US Analyst: No Excuse for Hajj Tragedy
TEHRAN (Tasnim) – An American political analyst has denounced Saudi Arabia’s lack of commitment to handling of this year’s Hajj pilgrimage as the main cause of catastrophic incident in Mina, near Mecca, stressing that “there is no excuse” for such a tragedy.
“Accidents happen, of course, but this is recurring event going back centuries, and managing it to avoid such mishaps should be the highest priority for the country hosting it. KSA is an extremely wealthy country, and Hajj is big business for them. To the extent that the crane failure or other incidents stem from any lack of commitment in resources, training or attention to detail, there is no excuse,” Daniel Patrick Welch, from Boston, said in an interview with the Tasnim News Agency.
Daniel Patrick Welch (Donal Pádraig Breatnach) is a writer of political commentary and analysis. An outspoken critic of US foreign policy, he lives in the city of Salem with his wife Julia. Together they run The Greenhouse School (http://www.greenhouseschool.org). He has traveled widely, speaks five languages and studied Russian History and Literature at Harvard University.
Welch has also appeared as a guest on several TV and radio channels to speak on various topics.
The following is the full text of the interview.
Q: During the past days, many countries and Islamic figures and organizations have criticized Saudi Arabia for its incompetency and imprudence in organizing the big event as this is not the first time such a tragedy has happened. How do you think such a great annual event should be managed then? Do not you think that there should be a council of several Muslim countries instead of only Saudi Arabia because Mecca is not only the heritage of Saudi Arabia but also of the entire Muslim world?
A: The disaster has understandably raised concerns from Muslims around the world, and reignited the debate over whether there should be some sort of joint control over such an important event and sites as the Hajj and Medina and Mecca. While the sites are under sovereign control of KSA (Kingdom of Saudi Arabia), the Hajj is a sacred duty for the entire global Muslim community. This might be especially helpful in the interest of minimizing any alienation and conflict between Sunni and Shiite communities, which of course both have an equal duty to perform Hajj. A secular diplomatic analogy might be the case of the UN being situated in New York City, under the control of the United States, which can manipulate and use visa restrictions to harass governments which it regards as hostile. Borders and national sovereignty should not serve to give one group disproportionate control over sites or systems in which an entire global community has an interest.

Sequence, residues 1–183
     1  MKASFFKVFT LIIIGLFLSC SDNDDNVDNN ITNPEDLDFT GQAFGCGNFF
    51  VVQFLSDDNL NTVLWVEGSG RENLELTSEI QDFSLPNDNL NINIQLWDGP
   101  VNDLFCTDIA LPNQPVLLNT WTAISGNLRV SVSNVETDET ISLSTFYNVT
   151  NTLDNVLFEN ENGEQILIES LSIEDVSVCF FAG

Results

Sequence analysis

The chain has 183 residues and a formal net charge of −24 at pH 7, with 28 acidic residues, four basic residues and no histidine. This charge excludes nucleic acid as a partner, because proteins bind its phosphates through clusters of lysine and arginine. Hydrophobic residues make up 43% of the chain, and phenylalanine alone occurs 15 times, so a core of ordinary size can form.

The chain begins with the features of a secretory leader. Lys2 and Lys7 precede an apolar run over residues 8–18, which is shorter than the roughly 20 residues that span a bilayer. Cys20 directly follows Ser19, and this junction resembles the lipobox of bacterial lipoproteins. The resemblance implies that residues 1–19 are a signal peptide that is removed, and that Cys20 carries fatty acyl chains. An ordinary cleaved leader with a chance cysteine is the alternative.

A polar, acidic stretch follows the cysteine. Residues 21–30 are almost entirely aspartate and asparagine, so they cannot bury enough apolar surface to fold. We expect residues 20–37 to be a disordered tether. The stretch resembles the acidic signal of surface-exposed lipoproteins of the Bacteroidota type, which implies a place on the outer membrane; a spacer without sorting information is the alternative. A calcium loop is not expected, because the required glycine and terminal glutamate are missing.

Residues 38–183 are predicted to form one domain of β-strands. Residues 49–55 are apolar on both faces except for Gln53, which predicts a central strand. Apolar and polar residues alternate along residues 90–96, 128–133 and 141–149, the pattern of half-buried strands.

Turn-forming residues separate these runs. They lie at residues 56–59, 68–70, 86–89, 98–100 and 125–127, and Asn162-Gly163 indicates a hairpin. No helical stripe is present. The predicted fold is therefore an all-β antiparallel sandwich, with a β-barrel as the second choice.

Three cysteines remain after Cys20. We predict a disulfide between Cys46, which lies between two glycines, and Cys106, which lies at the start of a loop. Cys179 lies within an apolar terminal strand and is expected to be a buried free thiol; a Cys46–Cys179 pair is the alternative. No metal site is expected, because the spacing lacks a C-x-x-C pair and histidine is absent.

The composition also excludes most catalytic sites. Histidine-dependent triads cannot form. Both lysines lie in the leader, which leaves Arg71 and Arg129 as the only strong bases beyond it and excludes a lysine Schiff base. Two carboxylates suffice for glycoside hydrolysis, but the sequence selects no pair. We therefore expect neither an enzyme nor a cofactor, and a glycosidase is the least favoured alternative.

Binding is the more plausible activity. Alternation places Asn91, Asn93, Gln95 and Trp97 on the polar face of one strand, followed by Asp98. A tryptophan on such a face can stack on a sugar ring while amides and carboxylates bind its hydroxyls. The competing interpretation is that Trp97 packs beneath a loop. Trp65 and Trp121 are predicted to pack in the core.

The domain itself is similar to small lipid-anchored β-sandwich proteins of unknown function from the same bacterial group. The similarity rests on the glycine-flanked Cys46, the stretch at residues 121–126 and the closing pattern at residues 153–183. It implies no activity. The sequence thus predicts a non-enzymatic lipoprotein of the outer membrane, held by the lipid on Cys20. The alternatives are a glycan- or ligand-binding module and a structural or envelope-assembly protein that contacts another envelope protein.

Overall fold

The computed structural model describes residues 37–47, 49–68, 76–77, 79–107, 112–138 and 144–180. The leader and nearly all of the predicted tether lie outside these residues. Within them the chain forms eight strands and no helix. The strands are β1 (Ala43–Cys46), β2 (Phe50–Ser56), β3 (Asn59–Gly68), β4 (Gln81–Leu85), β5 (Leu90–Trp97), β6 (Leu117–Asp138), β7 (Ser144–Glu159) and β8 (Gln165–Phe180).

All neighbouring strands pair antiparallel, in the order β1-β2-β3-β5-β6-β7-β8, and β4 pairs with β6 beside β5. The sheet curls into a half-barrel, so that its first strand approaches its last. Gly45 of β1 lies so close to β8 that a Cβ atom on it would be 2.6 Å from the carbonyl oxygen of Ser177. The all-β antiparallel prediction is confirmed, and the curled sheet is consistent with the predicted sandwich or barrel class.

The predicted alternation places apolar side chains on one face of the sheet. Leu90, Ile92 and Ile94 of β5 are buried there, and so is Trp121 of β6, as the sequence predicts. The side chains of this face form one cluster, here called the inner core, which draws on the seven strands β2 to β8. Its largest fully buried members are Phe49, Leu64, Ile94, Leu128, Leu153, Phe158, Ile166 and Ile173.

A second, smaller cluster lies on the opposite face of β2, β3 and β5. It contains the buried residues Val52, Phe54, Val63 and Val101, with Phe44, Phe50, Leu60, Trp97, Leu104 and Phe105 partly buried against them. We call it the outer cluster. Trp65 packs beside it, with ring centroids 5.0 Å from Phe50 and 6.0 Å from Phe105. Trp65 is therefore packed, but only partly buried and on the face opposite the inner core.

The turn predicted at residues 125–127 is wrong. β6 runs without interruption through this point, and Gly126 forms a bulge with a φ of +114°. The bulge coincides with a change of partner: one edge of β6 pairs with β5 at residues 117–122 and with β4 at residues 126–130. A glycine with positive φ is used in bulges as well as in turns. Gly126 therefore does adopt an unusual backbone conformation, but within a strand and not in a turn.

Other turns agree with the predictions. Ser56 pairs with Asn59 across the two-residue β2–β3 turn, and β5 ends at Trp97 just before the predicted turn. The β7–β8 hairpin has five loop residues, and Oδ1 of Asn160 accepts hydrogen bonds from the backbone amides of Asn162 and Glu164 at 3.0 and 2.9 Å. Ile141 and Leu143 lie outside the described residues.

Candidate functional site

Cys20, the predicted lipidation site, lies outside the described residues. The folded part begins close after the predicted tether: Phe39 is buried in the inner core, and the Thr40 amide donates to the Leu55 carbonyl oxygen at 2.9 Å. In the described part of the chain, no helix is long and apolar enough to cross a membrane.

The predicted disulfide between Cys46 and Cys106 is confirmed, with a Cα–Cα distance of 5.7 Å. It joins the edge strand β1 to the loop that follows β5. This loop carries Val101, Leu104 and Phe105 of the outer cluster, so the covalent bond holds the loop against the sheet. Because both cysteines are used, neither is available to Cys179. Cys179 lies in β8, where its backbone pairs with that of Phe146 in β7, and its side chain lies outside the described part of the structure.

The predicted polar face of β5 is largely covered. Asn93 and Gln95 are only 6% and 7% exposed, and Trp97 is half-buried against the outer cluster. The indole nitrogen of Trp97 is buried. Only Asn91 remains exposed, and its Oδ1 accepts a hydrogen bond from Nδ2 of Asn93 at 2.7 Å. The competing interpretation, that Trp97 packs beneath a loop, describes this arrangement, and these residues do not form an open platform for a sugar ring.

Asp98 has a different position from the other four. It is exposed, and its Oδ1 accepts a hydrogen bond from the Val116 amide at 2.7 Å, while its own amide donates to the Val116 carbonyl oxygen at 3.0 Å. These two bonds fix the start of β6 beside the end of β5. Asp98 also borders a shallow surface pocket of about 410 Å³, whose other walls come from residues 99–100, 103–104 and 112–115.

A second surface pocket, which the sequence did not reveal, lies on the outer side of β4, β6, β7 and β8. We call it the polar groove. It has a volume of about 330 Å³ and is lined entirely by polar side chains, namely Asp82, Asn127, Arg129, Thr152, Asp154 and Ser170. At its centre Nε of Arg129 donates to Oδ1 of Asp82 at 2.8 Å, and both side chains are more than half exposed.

Q: Do you believe that Saudi Arabia is no longer able to manage and provide safety and security for a crowd of two million Muslim pilgrims in an event that the circumstances are well-known beforehand?
A: While it is easy to take pot shots at those in control over what could be simply a horrible accident, the presumption in your question is correct: Accidents happen, of course, but this is recurring event going back centuries, and managing it to avoid such mishaps should be the highest priority for the country hosting it. KSA is an extremely wealthy country, and Hajj is big business for them. To the extent that the crane failure or other incidents stem from any lack of commitment in resources, training or attention to detail, there is no excuse.
Q: According to reports, the caretaking staff appointed by the Saudi government to be in charge of this year’s Hajj are not properly trained and lack essential skills to run the big event. Do not you think that this failure is mainly because the Saudi government is using its experienced and well-trained forces in wars with its neighboring countries?
A: This is obviously speculative, so it is impossible to know for sure. But it does beg the larger question raised above over commitment of resources. Again, KSA is a wealthy kingdom, and has all the resources necessary if properly applied, so if this is not happening it is fair to look at where those resources are being used. Once again using the analogy to the US, attention is often drawn to the vast sums being spent on the war budget and foreign military campaigns as domestic infrastructure is untended and crumbling into dust. These questions will also receive more attention as KSA moves into the spotlight by assuming leadership of the UN Human Rights Council, which many have criticized given its own egregious human rights record.
It (Saudi Arabia) is also involved not only in the illegal war on Yemen, but implicated in the death squad proxy wars in Libya, Syria and a host of other countries on behalf of and in conjunction with the US, along with other [P]GCC states, Turkey, Jordan and so on. Specifically relating to Hajj, these activities have actually led many Muslims to call for a boycott of Hajj. I doubt this is something that will happen any time soon--but adherents point out that while Hajj is a duty for all Muslims at some point in life, there is no pressing need for it to be done, for example, this year. So the rising questions surrounding the pilgrimage are something the Saudis would be wise to take seriously.